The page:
I am a 21 year old college student who absolutely adores YA. I have always loved reading since I was little, but YA is what really made me an avid reader back in high school and I haven't stopped reading them since. Although the YA genre is usually targeted towards a high school audience, it has really come a long way with the topics it addresses and the audiences it captivates. In many ways, I feel that the YA genre is becoming more and more diverse than NA books, making it more relevant in the world we all live in today with stories ranging from fantasies, contemporaries, historical fiction, sci-fi, and even romance that target and celebrate audiences from all ages, races, and the LGBTQ+ community. YA has really pushed the envelope in striving to include people of all walks of life and to create a more unified community, addressing real-life situations and topics while creating a temporary escape for the reader, which is why I always reach for those books.
-@blissfulrevries

I still read YA at age 35 because it allows me to escape for a while. I love losing myself in a good book now and again. Plus there are so many amazing new voices in YA that are just waiting to be discovered. I love going to the bookstore and just walk up and down the aisles of the Young Adult section and pick random books off the shelves. 
-@bookishfangirl

I'm 20 and I love reading YA because YA has some of the BEST stories out there. Just look at all the amazing films that have been made from YA books! For example, Hunger Games, To All The Boys I've Loved Before, Maze Runner, etc. None of those movies would have existed without these books. If you watch a TV-14 show or a PG-13 movie, why wouldn't you read a YA book? 
-@megan_gables

I look back fondly on that period of my life, and I feel like I’ll always be young at heart. I like to think of YA as young adult and up! The genre is enjoyable for so many more age groups than young adults. 
-@k_Guhl 

What makes me love reading YA literature most of all is the fact that they’re coming-of-age stories, and we’re still coming of age. We never hit a certain point in our lives when our growing, maturing, and learning about the world stop, and the young adult genre acknowledges that. YA books accept that I have ideas and perceptions that can be changed. Being reminded how to see the world with new eyes gives me faith that my world and reality can also change one day. 
-@MBelleTower, Age 31

I still read YA because it helps me learn about the current events that are happening and how it can affect someone who is younger than I am. It helps me be more empathetic and understanding to others. It helps me realize some important life lessons that I forgot about and encourages me to be better. I read it because it makes me happy and I can relate to it on a deeper level. No matter what genre it is, it’s one that has always made me happy and my love for reading grows because of it.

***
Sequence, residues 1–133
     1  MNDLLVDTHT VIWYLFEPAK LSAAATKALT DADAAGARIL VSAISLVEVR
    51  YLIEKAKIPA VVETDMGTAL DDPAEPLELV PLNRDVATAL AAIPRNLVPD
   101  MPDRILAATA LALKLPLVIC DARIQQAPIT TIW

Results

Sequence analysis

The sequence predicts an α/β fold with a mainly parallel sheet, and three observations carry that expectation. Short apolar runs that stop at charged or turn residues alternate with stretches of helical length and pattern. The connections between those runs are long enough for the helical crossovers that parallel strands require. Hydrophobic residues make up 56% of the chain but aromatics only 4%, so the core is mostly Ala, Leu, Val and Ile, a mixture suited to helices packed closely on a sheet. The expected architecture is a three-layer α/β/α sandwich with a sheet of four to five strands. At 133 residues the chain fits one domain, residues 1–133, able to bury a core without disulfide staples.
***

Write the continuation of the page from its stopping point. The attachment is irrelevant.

-@pll_lover13, Age 19

I never felt books were places for rules or restraints. It's all words so you have no visual or realistic limitations. Age groups in my opinion work as a marketing guide but when used too strictly can cut you off to a much wider audience. I read YA because the stories and characters interest me, and they don't have to be exactly my age to do that. If I'm expected to relate just fine enough to read about a detective with a ghost companion or a thousand year old vampire in an adult book, why not in YA? 
-@KnowingStiles

I haven’t been a young adult in over twenty years, but reading YA fiction still inspires me. It’s full of hope; it tells our future leaders that we can still change things. It paints readers a clear picture of what the world could be, even if it doesn’t look that way now. As a kid, I needed these stories to transport me away from difficult situations. As an adult, I need the reminder that despite the rainiest days, there’s the inevitability of sunshine. 
-@kellycoon106, author of GRAVEMAIDENS

What are your thoughts about reading YA past the "age-appropriate" market? If you have something else to add on this topic, feel free to comment down below and share your opinions! We'd like to reach out and thank the 100+ people that came forward to share their words with us. We are incredibly grateful for everything you all helped this post become! It was a pleasure and an honor to work with all of you. <3

Check Out The Previous Posts:

Part One
Part Two

Part Three

Part Four

Part Five

Part Six

Part Seven

Part Eight

Part Nine